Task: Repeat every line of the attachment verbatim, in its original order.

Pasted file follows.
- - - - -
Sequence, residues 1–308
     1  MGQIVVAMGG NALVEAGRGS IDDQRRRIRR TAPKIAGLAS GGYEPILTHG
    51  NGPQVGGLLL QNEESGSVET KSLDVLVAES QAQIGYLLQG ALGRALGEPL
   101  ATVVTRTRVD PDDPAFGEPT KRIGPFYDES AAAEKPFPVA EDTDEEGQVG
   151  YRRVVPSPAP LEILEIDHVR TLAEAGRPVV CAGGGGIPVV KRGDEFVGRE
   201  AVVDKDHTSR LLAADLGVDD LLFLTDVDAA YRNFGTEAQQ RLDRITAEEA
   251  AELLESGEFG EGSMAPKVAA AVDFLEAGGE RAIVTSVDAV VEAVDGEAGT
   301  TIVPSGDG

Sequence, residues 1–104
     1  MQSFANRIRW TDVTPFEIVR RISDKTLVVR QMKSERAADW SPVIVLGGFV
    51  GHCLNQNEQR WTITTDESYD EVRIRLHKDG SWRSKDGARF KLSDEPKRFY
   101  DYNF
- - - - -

Sequence, residues 1–308
     1  MGQIVVAMGG NALVEAGRGS IDDQRRRIRR TAPKIAGLAS GGYEPILTHG
    51  NGPQVGGLLL QNEESGSVET KSLDVLVAES QAQIGYLLQG ALGRALGEPL
   101  ATVVTRTRVD PDDPAFGEPT KRIGPFYDES AAAEKPFPVA EDTDEEGQVG
   151  YRRVVPSPAP LEILEIDHVR TLAEAGRPVV CAGGGGIPVV KRGDEFVGRE
   201  AVVDKDHTSR LLAADLGVDD LLFLTDVDAA YRNFGTEAQQ RLDRITAEEA
   251  AELLESGEFG EGSMAPKVAA AVDFLEAGGE RAIVTSVDAV VEAVDGEAGT
   301  TIVPSGDG

Sequence, residues 1–104
     1  MQSFANRIRW TDVTPFEIVR RISDKTLVVR QMKSERAADW SPVIVLGGFV
    51  GHCLNQNEQR WTITTDESYD EVRIRLHKDG SWRSKDGARF KLSDEPKRFY
   101  DYNF